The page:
“It’s a long way from sawmill to hotel”

The River Rinna flows right past the Saga Trollheimen Hotel. It has always played an important role in the area, and Rindal took its name from the river. Bit by bit, people began to use the river to float logs down to the sawmill. Ole Heggem, Morten’s grandfather, was the foreman in charge of the log driving. There was a lot of activity, and the sawmill provided a natural centre for it. The sawmill was later purchased by Emil Gåsvand, Morten’s father.

In 1987, the sawmill burned to the ground. The changing times meant that there was no interest in rebuilding it. That was when Morten had the idea of using the site to build a ‘fairytale world’ – a recreation of village life in days gone by. In 1991, the first part of the project was completed in the form of the first Nordmøre farmhouse in the region to be built by hand in more than a century. The new farmhouse was called the Saga Skysstasjon, or coaching inn. It attracted a great deal of interest and won the Byggeskikkprisen architecture prize in 1994, for example.

Morten soon saw the potential of building a tourist centre focusing on Norwegian culture and history. His life’s work was gradually brought into being in collaboration with cabin manufacturer Rindalshytter. The Saga Trollheimen Hotel had become a reality.



Ola Olson Furuhaug built the house for himself and his mother in 1923. Ola was an old bachelor and had many different jobs over the years. The Saga Trollheimen Hotel purchased the house and re-erected parts of it.


This house comes from Faksneset in Surnadal and is an old farmstead. The first man to live in it was Anders Knutson Monset, who was born around 1720.

Among other things, it housed a general store for many years. Part of the house was demolished and used for firewood in 1940. What remains today used to be the farmstead’s parlour.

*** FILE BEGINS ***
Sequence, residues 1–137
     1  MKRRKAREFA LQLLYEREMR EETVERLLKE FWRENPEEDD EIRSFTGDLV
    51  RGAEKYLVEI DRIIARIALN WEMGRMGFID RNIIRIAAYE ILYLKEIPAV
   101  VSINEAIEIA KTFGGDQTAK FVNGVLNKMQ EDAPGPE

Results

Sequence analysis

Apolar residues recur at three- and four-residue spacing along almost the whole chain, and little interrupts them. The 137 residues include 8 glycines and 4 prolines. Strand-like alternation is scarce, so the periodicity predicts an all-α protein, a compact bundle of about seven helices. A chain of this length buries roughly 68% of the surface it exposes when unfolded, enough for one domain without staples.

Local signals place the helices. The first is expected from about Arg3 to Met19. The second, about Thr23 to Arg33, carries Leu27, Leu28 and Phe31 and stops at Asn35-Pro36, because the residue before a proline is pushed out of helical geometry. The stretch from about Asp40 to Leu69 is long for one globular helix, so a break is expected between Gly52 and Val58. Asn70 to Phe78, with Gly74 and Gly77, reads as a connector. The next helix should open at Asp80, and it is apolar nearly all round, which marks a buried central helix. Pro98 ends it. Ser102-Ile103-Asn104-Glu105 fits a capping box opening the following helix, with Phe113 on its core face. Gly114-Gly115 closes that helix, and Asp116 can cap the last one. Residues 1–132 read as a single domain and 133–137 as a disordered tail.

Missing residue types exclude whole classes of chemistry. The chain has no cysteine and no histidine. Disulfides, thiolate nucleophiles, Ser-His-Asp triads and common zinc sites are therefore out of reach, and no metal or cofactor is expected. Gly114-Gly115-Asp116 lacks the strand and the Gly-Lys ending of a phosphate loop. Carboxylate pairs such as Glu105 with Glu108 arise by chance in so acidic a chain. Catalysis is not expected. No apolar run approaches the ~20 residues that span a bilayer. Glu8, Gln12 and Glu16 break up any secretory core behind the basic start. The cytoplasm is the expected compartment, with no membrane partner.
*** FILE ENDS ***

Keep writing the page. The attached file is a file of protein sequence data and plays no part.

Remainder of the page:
This building was put up by the Rindal Bulldoserlag cooperative and used as a garage and workshop. There was also accommodation for employees on the first floor. Looking up where the pub now is, you can see a huge beam in the roof. It had to be able to support an enormous weight, as it was used to lift engines out of bulldozers.


This was a farmhouse from Negård in Rinddalsskogen. It is uncertain when exactly it was built, but it is probably an old log cabin with a central hearth that was extended up and out. But one half definitely dates back to the 1820s. The original building is the living room and is now used as a bedroom.

Stable from Austigard – Skjølsvoll

This stable, which is beautifully crafted and put together, dates back to 1833. The timber came from Tisethaugane in Rindalsskogen, and the building was used as a stable until a new byre was built on the farm in 1983.


The buildings in Austistua and Utistua Haltli burned to the ground in 1858. Only this storehouse was left standing. Storehouses were generally built well away from the other buildings on the farm, precisely to prevent food and other provisions being destroyed by fire. It is not certain when the storehouse was built, but going by the shape of the beams, it was probably in the late 1700s.


This is a ‘haymow’ with a hallway on the side. The complete barn consisted of several such haymows, but the barn as a whole was falling down, so it is wonderful that this part was saved and looked after. A hallway ran along the entire length of such barns, probably to make it easier to access the various haymows. The buildings at Øygarn in Romundstadbygda are among the oldest in Rindal and date all the way back to the early 1600s.


Langlihuset is a building supported on pillars that was built from and around a giant pine tree blown over during the hurricane on 30 December 1988. The pine was more than 300 years old.

Fotografen Morten Gåsvand

Morten Gåsvand is a documentary photographer with a special interest in architecture, street life and nature. He has a distinctive style, whether he is photographing busy city streets or the tranquillity of the forest.

Morten is a writer too and his book about the giant pines in Trollheimen has been a great success.

You can read and see more about Morten and his pictures here.